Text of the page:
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Tuesday, March 25, 2003
The Greatest Story Ever Told (About My Love Affair with the Bottle)
First everyone was in love. Then everyone was getting drunk. So, after my historically significant love poem, I'll move on to recounting my relationship with booze.

Now, I'll preface this by saying that I'm not an alcoholic. The argument could be made that my father is, but not me. I didn't really even flirt with alcoholism. But I have a firm belief (still) that one of the major parts of a college education is determining your alcohol tolerance/threshold. I say it all the time. So, it suffices to say that I drank enough to know how much I could drink under various circumstances.

My drinking career began at 18. Yeah, I'd had drinks here and there before then (like that Rusty Nail . . . thanks, Joe), but I didn't have a favorite drink. And I didn't know my limits.

I was at a party. Playing chess. Badly. The hostess invited my friend and I to partake of her Captain Morgan's. She started with a tall glass and added ice. "Say when," she said as she began pouring the rum. I just watched it flow into the glass. Her eyes got big as the rum level neared the top. "Um, okay," I stammered. She topped it off with Coke and sent me on my way. To play more chess. Badly.

I kept sipping the rum and Coke for quite a while, until I arrived at the astute conclusion that "this tasteth jus' like apple juith!" And thus began the "Captain Morgan" phase of my drinking-hood. I found out how well it mixed with various things. (Hawaiian Punch was an early fave.)

Soon, I started hanging with the McDonald's maintenance staff (where I worked). They were over 21. That's when I discovered Hurricanes. But my love affair with those ended quickly after a night of adding rum and vodka to a 32-ounce cup of store-bought, pre-mixed Hurricane-in-a-bottle. Holy shit, that hurt.

Vodka Slammers were a big winner, too. For those uninitiated, put some vodka and 7 Up in a shot glass, cup your hand over the top, slam the shot glass on a table, and then shoot the fizzy mixture into your face. May cause blackouts. And they don't mix well with ephedrine, in case you're wondering. (You'll black out and still be awake. And then your friends may practice wrestling moves on you.)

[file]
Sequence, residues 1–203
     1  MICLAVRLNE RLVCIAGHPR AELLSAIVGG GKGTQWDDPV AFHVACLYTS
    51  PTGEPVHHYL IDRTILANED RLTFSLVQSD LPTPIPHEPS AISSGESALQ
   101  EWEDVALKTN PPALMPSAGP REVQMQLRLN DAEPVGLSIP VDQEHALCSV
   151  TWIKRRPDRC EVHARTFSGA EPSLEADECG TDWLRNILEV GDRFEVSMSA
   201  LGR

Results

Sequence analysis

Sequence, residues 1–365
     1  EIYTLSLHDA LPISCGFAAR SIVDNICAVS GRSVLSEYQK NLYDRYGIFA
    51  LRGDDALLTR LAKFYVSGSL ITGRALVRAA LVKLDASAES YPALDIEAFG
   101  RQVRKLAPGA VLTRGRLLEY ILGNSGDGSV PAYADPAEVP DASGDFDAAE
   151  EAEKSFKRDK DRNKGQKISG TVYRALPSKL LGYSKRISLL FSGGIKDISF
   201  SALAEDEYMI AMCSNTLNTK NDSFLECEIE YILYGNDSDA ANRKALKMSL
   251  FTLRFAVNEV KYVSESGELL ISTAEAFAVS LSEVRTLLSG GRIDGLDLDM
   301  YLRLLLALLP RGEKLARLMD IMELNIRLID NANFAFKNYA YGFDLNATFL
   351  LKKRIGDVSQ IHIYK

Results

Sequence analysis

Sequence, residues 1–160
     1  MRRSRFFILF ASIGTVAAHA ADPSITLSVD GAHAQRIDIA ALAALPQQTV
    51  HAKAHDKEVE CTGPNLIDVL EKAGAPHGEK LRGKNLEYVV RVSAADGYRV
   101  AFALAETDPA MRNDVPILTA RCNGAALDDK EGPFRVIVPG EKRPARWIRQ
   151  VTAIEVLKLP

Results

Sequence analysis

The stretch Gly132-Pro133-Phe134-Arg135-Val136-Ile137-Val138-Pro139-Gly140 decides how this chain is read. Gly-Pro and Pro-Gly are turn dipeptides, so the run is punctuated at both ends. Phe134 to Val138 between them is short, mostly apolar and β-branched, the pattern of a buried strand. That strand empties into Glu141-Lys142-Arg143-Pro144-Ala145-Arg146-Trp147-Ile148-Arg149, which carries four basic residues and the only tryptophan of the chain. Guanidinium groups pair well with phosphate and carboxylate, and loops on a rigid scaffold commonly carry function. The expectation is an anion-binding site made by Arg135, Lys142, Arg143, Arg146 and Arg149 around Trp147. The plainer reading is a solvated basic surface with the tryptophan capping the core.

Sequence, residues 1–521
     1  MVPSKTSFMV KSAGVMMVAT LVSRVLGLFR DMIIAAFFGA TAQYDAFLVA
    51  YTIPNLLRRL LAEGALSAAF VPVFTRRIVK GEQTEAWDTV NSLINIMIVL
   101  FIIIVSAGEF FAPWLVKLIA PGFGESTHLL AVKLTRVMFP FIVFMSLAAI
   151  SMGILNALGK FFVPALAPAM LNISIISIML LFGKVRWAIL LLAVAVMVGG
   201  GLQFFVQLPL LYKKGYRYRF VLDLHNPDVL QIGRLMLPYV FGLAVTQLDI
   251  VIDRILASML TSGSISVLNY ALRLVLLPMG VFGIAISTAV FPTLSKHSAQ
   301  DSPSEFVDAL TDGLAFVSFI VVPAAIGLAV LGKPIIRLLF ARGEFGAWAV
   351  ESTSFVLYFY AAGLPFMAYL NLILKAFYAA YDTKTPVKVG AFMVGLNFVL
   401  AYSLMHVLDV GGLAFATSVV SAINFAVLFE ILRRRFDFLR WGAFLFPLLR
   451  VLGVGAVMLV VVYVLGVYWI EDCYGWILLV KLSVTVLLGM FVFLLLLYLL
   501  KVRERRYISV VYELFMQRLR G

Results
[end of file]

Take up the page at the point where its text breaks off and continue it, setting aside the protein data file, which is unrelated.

I didn't learn to appreciate beer on any level until after I'd turned 21. I'd spent so long slamming shots of contraband liquor outside of clubs, it was nice to slow down. I started to learn how to drink and not get drunk. Y'know, when it's actually fun to just have a drink or five and not end up half naked and flailing in your own puke. (Or stripped down to your underwear and sucker-punching a friend in the face while he is innocently playing Nintendo.)

Here are some truths I've learned during my drinking career:

-- Goldschlagger doesn't mix well with Killian's . . . or any beer, for that matter. I think the gold flakes react with something in the beer. (I vomited foam. And a dog licked it off me. No, really.)

-- Nine times out of ten, it's a bad idea to drink something a friend hands you, saying, "Here, drink this."

-- Colt 45 will do nothing to improve your behavior. King Cobra, though, just might.

-- If you drink enough tequila (say, Monte Alban), you might hallucinate.

-- When your first alcohol purchase after turning 21 is a bottle of 20-proof Cisco at the nearby Sing Store, the black guy behind the counter might say something like, "Damn, yo gonna get fuuuucked up!"

-- Drinking a six pack of Schlitz is much worse than drinking a six pack of good beer.

-- You can be too old to drink Boone's Farm wine, but you'll do it anyway. (It's cool, though, if you can carry a bottle in the inside pocket of a jacket. While drinking the first one.)

-- You can make a good drink with Jaggermeister.

-- You can have lots of fun at your party by creating a "penalty shot" for people who spill drinks or break glasses. Like the Red Face of God (Bacardi 151, Ketel One, Grand Marnier, and a splash of Grenadine). You'll have 'em throwing up in the ditch in no time.

-- If you go to some radio-promotional drinking event, and they have a special drink, and you're only allowed to have one, and it's black, and they won't tell you what's in it . . . you should probably wait a while to see how it affects you before you start in on the 50-cent kamikazes.

I started to slow down in my drinking in my mid-20s. I was out of college. I had a (relatively) steady girlfriend. When Michelle and I moved to Upstate New York for two and half years, I almost completely stopped drinking because we never really went anywhere. So now, my tolerance isn't what it used to be, which I'm abruptly reminded of when I get involved in an ill-advised drinking game, or try to go beer-for-beer with someone whose drinking career is more accomplished than my own.

I wouldn't say that I look back on my career fondly. Yeah, it's fun to laugh at some (okay, most) of the stupid shit I did. I didn't even address my discovery of kamikazes (Lucy Ho's, 1994).

I will say this: Let's be careful out there.